Published: April 30, 2009
Berkshire Hathaway shareholders are on their way to Woodstock. Or rather, they are heading for Omaha and the company’s annual gathering, known as Woodstock for capitalists. Warren Buffett, the Berkshire boss who holds deceptively folksy court at these occasions, has changed the format to encourage more questions about the company’s business. Investors should take him up on that and listen. Through Mr. Buffett’s choices and market forces, Berkshire is changing.
Shareholders don’t yet know the result of one of Mr. Buffett’s most important decisions: his successors. The influential investor is 78, and his longtime business partner, Charlie Munger, is 85. With his track record and public profile, Mr. Buffett is the epitome of the corporate “key man,” as Fitch Ratings pointed out in knocking Berkshire’s triple-A rating down a notch in March.
Although Mr. Buffett’s chosen successors’ identities remain undisclosed, it’s a safe bet they know what they are doing. But they aren’t Mr. Buffett. Moreover, the leadership of Berkshire and the management of its investments will be separated, requiring some adaptation. The culture that brings 30,000-odd shareholders to Omaha every year will unavoidably change, too.
Another important Buffett decision of late has been to expose Berkshire to big derivatives bets — $67 billion worth in terms of the worst-case exposure at the end of 2008. Despite having once called such instruments “financial weapons of mass destruction,” he appears to think they are safe enough in his hands.
He recognizes the apparent double standard and brings to derivatives much of the common sense he applies to other investments. The types of contracts he has written — long-dated stock-index put options and credit-default swaps — are relatively straightforward, and he collects premiums up front to avoid the danger of trading partners running short of cash. So far, he has also limited expected losses, a fraction of the worst-case figure, to an amount Berkshire could easily handle.
Even so, Berkshire’s recent performance will take some explaining. In recent years, the company has released quarterly earnings on the eve of the annual shareholder meeting. That would be this Friday, but the report is instead expected in a week.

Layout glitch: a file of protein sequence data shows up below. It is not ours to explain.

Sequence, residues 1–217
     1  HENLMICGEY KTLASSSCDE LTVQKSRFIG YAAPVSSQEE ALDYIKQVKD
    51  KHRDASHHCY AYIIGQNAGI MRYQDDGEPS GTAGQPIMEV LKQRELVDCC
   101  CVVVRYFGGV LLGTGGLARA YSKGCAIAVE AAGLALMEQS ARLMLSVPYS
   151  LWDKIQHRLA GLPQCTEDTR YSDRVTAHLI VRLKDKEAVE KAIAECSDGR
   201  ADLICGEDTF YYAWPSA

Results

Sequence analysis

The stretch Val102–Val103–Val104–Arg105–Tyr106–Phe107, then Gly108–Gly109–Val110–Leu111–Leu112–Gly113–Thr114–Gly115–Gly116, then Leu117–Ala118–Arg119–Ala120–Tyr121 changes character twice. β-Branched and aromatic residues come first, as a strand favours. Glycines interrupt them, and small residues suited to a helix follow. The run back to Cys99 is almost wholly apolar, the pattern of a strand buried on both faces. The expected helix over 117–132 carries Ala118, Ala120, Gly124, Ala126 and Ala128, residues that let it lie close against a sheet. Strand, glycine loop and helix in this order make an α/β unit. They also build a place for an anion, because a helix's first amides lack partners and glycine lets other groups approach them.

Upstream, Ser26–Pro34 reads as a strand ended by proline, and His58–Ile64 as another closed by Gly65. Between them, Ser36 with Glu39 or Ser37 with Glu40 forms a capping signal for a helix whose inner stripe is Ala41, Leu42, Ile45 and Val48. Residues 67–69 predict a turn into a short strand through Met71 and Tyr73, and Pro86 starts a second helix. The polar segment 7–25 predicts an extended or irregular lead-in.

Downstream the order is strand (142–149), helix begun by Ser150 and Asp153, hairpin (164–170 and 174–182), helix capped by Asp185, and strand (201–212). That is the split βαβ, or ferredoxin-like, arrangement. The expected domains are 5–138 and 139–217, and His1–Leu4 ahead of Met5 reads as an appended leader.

That’s the company’s prerogative and doesn’t necessarily signal any trouble. But with further losses anticipated, Mr. Buffett might be glad for the chance to explain his derivatives holdings to shareholders at Saturday’s meeting before the bald numbers are published.
Another change is Berkshire’s growing vulnerability. The company looked good in the wake of the dot-com bust because Mr. Buffett avoided technology investments. But in the wake of global market turmoil centered on financial businesses, Berkshire’s shares have lost a third of their value in the past year, and its vaunted triple-A rating is gone. Berkshire suddenly looks like what it is: a largely unhedged equity investment vehicle with a focus on the financial sector.
Its giant insurance businesses, which generate gobs of free investing capital in good times, don’t look so special at the moment, and its large stakes in American Express, Wells Fargo and the ratings agency Moody’s underline the finance focus. Then there are those out-of-the-money derivatives trades that, in hindsight, seem to have been badly timed.
Along with the succession question, that may all help explain why Berkshire’s shares appear to be trading at a discount to the market value of the company’s holdings, even after allowing for stock market declines during the first quarter.
That stocks have turned upward recently is one positive thought for those traveling to Omaha this weekend. But another development should also generate optimism among the Berkshire faithful: opportunities to invest on the cheap ought to be plentiful now.
In his annual letter to shareholders, which showed 2008 to be his worst investing year on record, Mr. Buffett gleefully noted the disappearance of debt-financed private equity firms after the credit crisis (“they’re keeping their remaining funds very private,” he observed). Far less money is sloshing around markets.
Partly as a result, Mr. Buffett picked up some good deals last year, including what now looks like a bargain $5 billion stake in Goldman Sachs. Berkshire still has strong credit and plenty of cash. And the sage is still around. After years in which few bargains were available and Berkshire’s size made meaningful deals hard to come by, Mr. Buffett has the chance to redeem himself. RICHARD BEALES